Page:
Immigration is a difficult subject – one I sometimes feel conflicted about myself. The free-marketeer in me thinks we should encourage the free movement of labour, just as we strongly advocate the free movement of goods, services and capital. If someone wants to come to this country to work and contribute, then surely we should welcome them. The economic benefits of immigration are pretty clear and there is no doubt that immigrants usefully fill many gaps in the UK labour market. Where would the tourist industry, for instance, be without foreign workers? In the global context, there is another important benefit to immigration: remittances. The amount of money sent back to developing countries by people working the rich world now dwarfs government aid – and unlike aid it goes straight into the hands of individuals, where it can make a real difference.

Of course, there are serious arguments in the other direction as well, and they are hard to ignore. There is little doubt, for example, that mass immigration has heightened racial tensions in some parts of the UK, and contributed to the ghetto-ization of many big towns and cities. Furthermore, in a country where public services are government-controlled and incapable of reacting to demand, large numbers of immigrants can put them under immense strain. There are other legitimate concerns too.

These are the kinds of issues that will be discussed on Thursday, and I have no doubt the debate will be lively. The seminar, which is being held in our offices at 23 Great Smith Street, Westminster, kicks off at 6.30pm (doors open at 6), with drinks to be served at 7.30pm. If any of you would like to come, please email Steve at steve@adamsmith.org or call 020 7222 4995.

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Power Lunch with Digby Jones

Written by Tom Clougherty | Wednesday 30 January 2008

digby_jones.jpgDigby, Lord Jones – formerly director-general of the CBI and now Minister of State for Trade and Investment – was our Power Lunch guest this week. He spoke very candidly and engagingly about his role as a GOAT (government of all the talents) and sparked some fascinating discussion around the table. What really shone through was the clarity of his ministerial remit (to promote the British brand overseas), and his enthusiasm for and expertise in getting the job done. That always seems to be a rare quality in politicians, but then, I suppose, Digby Jones is not really a politician anyway. He may have taken the government whip, but he has not joined the Labour Party.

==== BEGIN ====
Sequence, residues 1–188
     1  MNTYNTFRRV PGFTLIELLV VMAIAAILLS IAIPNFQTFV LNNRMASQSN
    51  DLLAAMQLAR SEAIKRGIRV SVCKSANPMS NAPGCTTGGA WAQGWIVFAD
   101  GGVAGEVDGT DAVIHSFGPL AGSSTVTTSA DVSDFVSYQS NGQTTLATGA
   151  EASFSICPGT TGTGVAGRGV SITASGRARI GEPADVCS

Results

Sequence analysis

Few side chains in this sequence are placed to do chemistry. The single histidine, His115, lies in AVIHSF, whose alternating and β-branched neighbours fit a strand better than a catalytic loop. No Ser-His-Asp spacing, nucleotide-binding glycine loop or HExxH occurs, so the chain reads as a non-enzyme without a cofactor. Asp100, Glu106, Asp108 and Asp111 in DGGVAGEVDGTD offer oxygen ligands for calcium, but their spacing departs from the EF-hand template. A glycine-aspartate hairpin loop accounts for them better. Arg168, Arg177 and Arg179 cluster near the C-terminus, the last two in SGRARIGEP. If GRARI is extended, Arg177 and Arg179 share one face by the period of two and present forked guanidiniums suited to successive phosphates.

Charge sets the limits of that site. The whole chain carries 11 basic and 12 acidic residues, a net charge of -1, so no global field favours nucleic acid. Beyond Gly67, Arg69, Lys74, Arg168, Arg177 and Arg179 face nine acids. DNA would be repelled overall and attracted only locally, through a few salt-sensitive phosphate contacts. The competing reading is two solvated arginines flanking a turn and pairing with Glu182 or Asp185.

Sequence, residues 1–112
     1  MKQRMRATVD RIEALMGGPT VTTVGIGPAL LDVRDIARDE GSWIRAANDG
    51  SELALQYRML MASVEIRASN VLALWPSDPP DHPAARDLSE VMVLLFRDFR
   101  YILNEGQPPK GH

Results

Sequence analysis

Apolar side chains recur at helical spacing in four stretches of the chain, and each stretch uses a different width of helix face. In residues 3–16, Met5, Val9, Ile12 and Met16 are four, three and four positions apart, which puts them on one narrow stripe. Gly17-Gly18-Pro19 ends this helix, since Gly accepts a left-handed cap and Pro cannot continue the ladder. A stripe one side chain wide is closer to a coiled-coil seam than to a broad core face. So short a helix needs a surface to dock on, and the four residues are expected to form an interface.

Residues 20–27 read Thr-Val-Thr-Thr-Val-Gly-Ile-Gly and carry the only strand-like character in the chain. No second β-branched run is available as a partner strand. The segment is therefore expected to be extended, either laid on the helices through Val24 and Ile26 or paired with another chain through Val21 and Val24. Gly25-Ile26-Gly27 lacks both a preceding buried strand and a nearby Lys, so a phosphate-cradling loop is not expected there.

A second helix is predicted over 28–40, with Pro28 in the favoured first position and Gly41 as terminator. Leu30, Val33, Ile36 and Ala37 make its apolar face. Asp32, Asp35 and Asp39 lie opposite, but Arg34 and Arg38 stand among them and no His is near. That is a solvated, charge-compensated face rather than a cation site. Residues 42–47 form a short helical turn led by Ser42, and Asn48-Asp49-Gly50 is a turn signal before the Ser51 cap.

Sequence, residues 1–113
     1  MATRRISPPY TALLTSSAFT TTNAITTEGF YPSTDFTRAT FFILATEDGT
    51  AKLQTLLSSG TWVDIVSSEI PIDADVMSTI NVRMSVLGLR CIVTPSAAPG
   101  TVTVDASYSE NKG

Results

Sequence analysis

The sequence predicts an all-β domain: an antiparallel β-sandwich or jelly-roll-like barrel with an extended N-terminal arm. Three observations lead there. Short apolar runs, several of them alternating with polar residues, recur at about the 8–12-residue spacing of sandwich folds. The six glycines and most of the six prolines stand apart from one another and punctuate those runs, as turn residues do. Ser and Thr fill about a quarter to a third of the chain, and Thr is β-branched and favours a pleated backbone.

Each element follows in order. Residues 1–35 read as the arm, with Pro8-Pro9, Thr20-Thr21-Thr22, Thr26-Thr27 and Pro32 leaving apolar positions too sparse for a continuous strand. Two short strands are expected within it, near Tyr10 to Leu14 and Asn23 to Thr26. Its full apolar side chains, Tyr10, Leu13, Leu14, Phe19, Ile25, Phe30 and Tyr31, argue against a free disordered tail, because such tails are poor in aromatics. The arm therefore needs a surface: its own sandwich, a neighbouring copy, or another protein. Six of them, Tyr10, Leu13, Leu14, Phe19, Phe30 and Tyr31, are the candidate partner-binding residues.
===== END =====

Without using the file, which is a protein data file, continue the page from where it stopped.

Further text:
It made me wonder whether there might be some mileage in appointing more government ministers – or even secretaries of state – who are not MPs. US cabinet members are typically far more qualified for their positions than their British counterparts. The US Treasury Secretary, for instance, usually comes from a financial rather than political background – and this is surely a good thing. Thinking really radically, couldn't we directly elect Prime Ministers, have them appoint top quality cabinets, and turn Parliament into a US-style legislature, with its own agenda and powerful committees to grill government ministers? Well, perhaps not, but there may be something in the idea. I'm probably just getting carried away with US election fever...

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Britain today?

Written by Junksmith | Wednesday 30 January 2008

britain_today.jpg

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Blog Review 491

Written by Netsmith | Tuesday 29 January 2008

The traditional statement is that half of your advertising budget is wasted. If only it were that efficient!

There's more information coming out about those derivatives trading losses at Soc Gen. According to one whisper they were actually in profit by €1.6 billion at one point. 

An altogether more amusing rumour. Apparently M. Kerviel was driven into his behaviour by something terribly un-French: reading Adam Smith's "The Wealth of Nations" 

On which subject, here's PJ O'Rourke talking about his book on Adam Smith. 

Even the ECB now agrees: there's a trade off between redistribution now and wealth in years to come. Higher government spending reduces GDP growth. 

How odd, a politician arguing that transparency is essential for football clubs but not for politicians.  

And finally, film of how lefties do when they actually try to run something. Extra-ordinarily amusing, if it were not for the fact that many of these people are now trying to run larger and more important things. Like, say, the BBC documentaries division.